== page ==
The rough overlaps between Y-DNA and mtDNA between the Americas, Circumpolar north, and Siberian indigenous populations are:
|Y-DNA haplogroup(s) -||mtDNA haplogroup(s) -||Geographical area(s)|
|Q-M242, R1, C-M217||A, X, Y, C, D
(M types), (N types)
|Russian far east, Americas, Arctic|
Old world genetic admixture 
Interracial marriage and interracial sex and, more generally, the process of racial admixture, has its origins in prehistory. Racial mixing became widespread during European colonialism in the Age of Discovery. Genetic exchange between two populations reduces the genetic distance between the populations and is measurable in DNA patterns. During the Age of Discovery, beginning in the late 1400s, European explorers sailed the oceans, eventually reaching all the major continents. During this time Europeans contacted many populations, some of which had been relatively isolated for millennia. The genetic demographic composition of the Eastern Hemisphere has not changed significantly since the age of discovery. However, genetic demographics in the Western Hemisphere were radically altered by events following the voyages of Christopher Columbus. The European colonization of the Americas brought contact between peoples of Europe, Africa and Asia and the Amerindian populations. As a result, the Americas today have significant and complex multiracial populations. Many individuals who self-identify as one race exhibit genetic evidence of a multiracial ancestry.
The European conquest of Latin America beginning in the late 15th century, was initially executed by male soldiers and sailors from the Iberian Peninsula (Spain and Portugal). The new soldier-settlers fathered children with Amerindian women and later with African slaves. These mixed-race children were generally identified by the Spanish colonist and Portuguese colonist as "Castas". The subsequent North American fur trade during the 16th century brought many more European men, from France and Great Britain, who took North Amerindian women as wives. Their children became known as "Métis" or "Bois-Brûlés" by the French colonist and "mixed-bloods", "half-breeds" or "country-born" by the English colonist and Scottish colonist. From the second half of the 19th century to the beginning of the 20th century, new waves of immigrants from northern, eastern and southern Europe went to the Americas and consequently altered the demographics. Following World War II and subsequent worldwide migrations, the current American populations' genetic admixture can be traced to all corners of the world.
Blood groups 
Prior to the 1952 confirmation of DNA as the hereditary material by Alfred Hershey and Martha Chase, scientists used blood proteins to study human genetic variation. The ABO blood group system is widely credited to have been discovered by the Austrian Karl Landsteiner, who found three different blood types in 1900. Blood groups are inherited from both parents. The ABO blood type is controlled by a single gene (the ABO gene) with three alleles: i, IA, and IB.
Research by Ludwik and Hanka Herschfeld during World War I found that the frequencies of blood groups A,B and O differed greatly from region to region. The "O" blood type (usually resulting from the absence of both A and B alleles) is very common around the world, with a rate of 63% in all human populations. Type "O" is the primary blood type among the indigenous populations of the Americas, in-particular within Central and South America populations, with a frequency of nearly 100%. In indigenous North American populations the frequency of type "A" ranges from 16% to 82%. This suggests again that the initial Amerindians evolved from an isolated population with a minimal number of individuals.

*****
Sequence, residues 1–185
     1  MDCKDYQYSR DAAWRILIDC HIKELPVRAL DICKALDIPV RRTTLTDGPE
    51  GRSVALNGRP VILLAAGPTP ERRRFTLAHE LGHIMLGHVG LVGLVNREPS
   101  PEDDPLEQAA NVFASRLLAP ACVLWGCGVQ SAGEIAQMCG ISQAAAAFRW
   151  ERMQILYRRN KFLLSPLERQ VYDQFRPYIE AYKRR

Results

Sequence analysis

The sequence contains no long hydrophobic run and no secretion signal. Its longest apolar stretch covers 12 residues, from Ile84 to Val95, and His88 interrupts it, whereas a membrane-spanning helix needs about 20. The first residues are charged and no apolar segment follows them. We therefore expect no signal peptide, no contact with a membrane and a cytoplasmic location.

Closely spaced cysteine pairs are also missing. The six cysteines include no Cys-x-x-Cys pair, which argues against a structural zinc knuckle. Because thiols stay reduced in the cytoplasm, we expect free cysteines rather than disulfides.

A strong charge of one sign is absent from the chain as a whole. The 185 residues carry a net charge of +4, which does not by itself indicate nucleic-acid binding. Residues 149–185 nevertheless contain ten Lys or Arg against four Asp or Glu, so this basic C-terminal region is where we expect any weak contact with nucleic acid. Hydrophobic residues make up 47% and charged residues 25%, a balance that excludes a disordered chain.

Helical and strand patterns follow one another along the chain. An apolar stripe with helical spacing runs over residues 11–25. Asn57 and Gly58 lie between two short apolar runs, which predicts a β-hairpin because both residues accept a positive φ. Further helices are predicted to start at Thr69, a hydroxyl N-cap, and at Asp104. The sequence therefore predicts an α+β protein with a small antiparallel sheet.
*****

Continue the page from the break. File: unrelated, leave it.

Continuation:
|PEOPLE GROUP||O (%)||A (%)||B (%)||AB (%)|
|Blackfoot (N. Am. Indian)||17||82||0||1|
|Inuit (Eastern Canada & Greenland)||54||36||23||8|
|Indigenous North Americans (as a whole Native Nations/First Nations)||79||16||4||1|
Genealogical testing 
A genealogical DNA test examines the nucleotides at specific locations on a person's DNA for genetic genealogy purposes. The test results are not meant to have any medical value; they are intended only to give genealogical information. Genealogical DNA tests generally involve comparing the results of living individuals to historic populations. The general procedure for taking a genealogical DNA test involves taking a painless cheek-scraping (also known as a buccal swab) at home and mailing the sample to a genetic genealogy laboratory for testing. Genetic testing results showing specific sub-Haplogroups of Q, R1 and C3b implies that the individuals ancestry is, in whole or in-part, indigenous to the Americas. If one's mtDNA belonged to specific sub-Haplogroups of, A, B, C, D or X2a, the implication would be that the individual's ancestry is, in whole or part, indigenous to the Americas.
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Further reading 
- Peter N. Jones (October 2002). American Indian mtDNA, Y chromosome genetic data, and the peopling of North America. Bauu Institute. ISBN 978-0-9721349-1-0.
- Joseph Frederick Powell (2005). The first Americans: race, evolution, and the origin of Native Americans. Cambridge University Press. ISBN 978-0-521-82350-0.
- Francisco M. Salzano; Maria Cátira Bortolini (2002). The evolution and genetics of Latin American populations. Cambridge University Press. ISBN 978-0-521-65275-9.
|Wikimedia Commons has media related to: Haplogroups|
|Wikimedia Commons has media related to: Indigenous nations of the Americas|
- Atlas of the Human Journey, Genographic Project, National Geographic
- Journey of Mankind – Genetic Map – Bradshaw Foundation
- An mtDNA view of the peopling of the world by Homo sapiens Cambridge DNA's
- World Haplogroups Maps (2005) – University of Illinois
- Learn about Y-DNA Haplogroup Q – Genebase Systems
- Learn about Y-DNA Haplogroup R1 – Genebase Systems
- Q yDNA Project – International society of genetic genealogy
- Eastern Algonquian yDNA Project – FamilyTreeDNA
- Documentaries about human migration in general
- Journey of Man: A Genetic Odyssey (movie) by Spencer Wells – PBS and National Geographic Channel, 2003
- DNA Mysteries – The Search for Adam - by Spencer Wells - National Geographic, 2008